3. The Scots and Picts, probably, had their origin from two tribes of native Britons, who, at different times, had fled from the dominion of the Romans. They are allowed, however, to have been brave and warlike adventurers, who eften invaded the Roman territories, and were greatly superior 10 the now dastardly and dispirited Britons. These two nations or tribes no sooner heard of the final depars ture of the Romans, than one party crossed the frith of Fortb, in hosts made of leather, while another attacked with fury the Roman wall, which the Britons had repaired for their defence, but which they abandoned on the first assault, leaving their country a prey to the enemy.. The Scots and Picts made dreadful bavoc among the fugitives; and meeting with no opposition, they laid waste all the southern part of the island with fire and sword. In the following year, they were visited by famine. The miserable Britons, in this frightful extremity, had once more recourse to Rome. They wrote to Ætins, then consul the third time, that memorable letter entitled The Groans of the Britons. . We know not,' say they, even which way to fee. 'Chased by the barbarians to the sea, we have only left us the choice of two deaths ; either to perish by the sword, or be swallowed up by the waves.” What answer they received is uncertain; but it is well known they obtained no assistance, Rome being then threatened by Attila, the most terrible enemy that ever invaded the empire.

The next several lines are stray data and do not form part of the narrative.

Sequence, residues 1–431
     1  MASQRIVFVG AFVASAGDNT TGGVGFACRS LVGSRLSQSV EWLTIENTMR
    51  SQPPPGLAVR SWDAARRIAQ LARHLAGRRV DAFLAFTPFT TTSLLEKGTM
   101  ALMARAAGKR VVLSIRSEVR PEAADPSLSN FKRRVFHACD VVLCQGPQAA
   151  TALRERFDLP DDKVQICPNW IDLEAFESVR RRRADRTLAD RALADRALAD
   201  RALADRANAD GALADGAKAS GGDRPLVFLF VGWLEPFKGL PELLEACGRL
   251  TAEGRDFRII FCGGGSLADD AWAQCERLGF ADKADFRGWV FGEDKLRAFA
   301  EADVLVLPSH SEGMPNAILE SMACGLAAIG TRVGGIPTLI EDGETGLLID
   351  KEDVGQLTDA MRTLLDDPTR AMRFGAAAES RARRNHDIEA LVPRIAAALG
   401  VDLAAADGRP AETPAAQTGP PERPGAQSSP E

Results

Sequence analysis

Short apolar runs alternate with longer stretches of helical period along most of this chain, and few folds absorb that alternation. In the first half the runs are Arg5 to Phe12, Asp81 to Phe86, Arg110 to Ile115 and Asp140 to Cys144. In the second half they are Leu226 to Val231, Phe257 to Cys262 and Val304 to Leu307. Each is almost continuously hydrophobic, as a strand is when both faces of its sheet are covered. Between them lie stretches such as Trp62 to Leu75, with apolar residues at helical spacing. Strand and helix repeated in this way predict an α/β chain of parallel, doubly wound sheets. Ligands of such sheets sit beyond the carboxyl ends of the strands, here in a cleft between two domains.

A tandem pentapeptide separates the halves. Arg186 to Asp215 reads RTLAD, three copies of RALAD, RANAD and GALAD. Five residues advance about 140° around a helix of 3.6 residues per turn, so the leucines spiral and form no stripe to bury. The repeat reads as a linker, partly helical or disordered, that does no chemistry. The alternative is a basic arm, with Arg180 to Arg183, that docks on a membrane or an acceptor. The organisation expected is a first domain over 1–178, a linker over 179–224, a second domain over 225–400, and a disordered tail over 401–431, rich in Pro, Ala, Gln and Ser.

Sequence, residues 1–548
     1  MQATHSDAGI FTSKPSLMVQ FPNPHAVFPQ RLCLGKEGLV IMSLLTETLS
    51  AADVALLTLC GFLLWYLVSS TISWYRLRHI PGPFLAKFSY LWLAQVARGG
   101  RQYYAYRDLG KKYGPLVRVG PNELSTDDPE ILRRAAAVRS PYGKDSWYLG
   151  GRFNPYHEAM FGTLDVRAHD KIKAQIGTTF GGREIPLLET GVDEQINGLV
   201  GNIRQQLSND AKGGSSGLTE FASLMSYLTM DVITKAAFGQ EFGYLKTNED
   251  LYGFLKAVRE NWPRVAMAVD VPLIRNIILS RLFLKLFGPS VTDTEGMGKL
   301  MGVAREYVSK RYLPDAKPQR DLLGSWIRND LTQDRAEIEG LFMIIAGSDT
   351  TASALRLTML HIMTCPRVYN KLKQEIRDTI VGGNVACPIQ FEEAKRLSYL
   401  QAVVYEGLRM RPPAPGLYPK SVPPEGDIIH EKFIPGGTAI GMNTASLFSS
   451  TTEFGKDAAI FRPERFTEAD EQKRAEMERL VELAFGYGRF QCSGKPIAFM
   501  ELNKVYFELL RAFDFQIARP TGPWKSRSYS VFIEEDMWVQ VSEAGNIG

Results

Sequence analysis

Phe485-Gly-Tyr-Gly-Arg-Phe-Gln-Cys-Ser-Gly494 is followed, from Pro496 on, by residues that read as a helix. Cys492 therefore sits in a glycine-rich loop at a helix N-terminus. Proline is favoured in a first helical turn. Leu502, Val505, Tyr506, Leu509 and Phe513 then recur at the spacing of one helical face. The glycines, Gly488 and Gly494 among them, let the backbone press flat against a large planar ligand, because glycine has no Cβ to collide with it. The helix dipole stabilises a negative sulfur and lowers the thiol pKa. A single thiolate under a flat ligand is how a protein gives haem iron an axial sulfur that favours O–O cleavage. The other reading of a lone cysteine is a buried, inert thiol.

4. The Britons, amid all their calamities, had one consolation; they had embraced Christianity: a religion which above all others, teaches the endurance of misfortunes,-which encourages its votaries to' triumph in adversity, and inspires the soul with joy in the hour, of affliction. Many fled to Gaul, and settled in the province of Armorica, to which they gave the name of Britany; part submitted to the Scots and Picts ; and part, collecting courage from despair, satlied froin their woods and caves apon the secure and roving invaders, cut many of them to pieces, and obliged the rest to retire into their own country. But the enemy, threatening to return next season with superior forces, the distressed Britons, by the advice of Vortigern, Prince of Dapmonium, called over to their as
sistance, by a solemn deputation, the Saxons and Angles, or Anglo-Saxons. The Saxons, like all the antient Gernian tribes, were a free, brave, and independent people. They had arrived at that degree of civilization in which the mind has acquired sutticient force for enterprise, and seeins to derive evergy from the unimpaired vigour of the body. The Saxous bad spread themselves over Germany, and the Low Countries, from the Cimbrian Chersonesus, now called Jutland, taking possession of the whole territory between the Rhine and the Elbe ; and, when the Britons sent to implore their assistance, they were masters not only of the present Westphalia, Saxony, East and West Friesland, but also of Holland and Zealand They readily complied with the request of Vortigern, and having fitted out three large transports, about fifteen hun dred of them put to sea under the command of Hengist and Horsa, two brother chiefs, said to be descended from Woden, their tutelary god.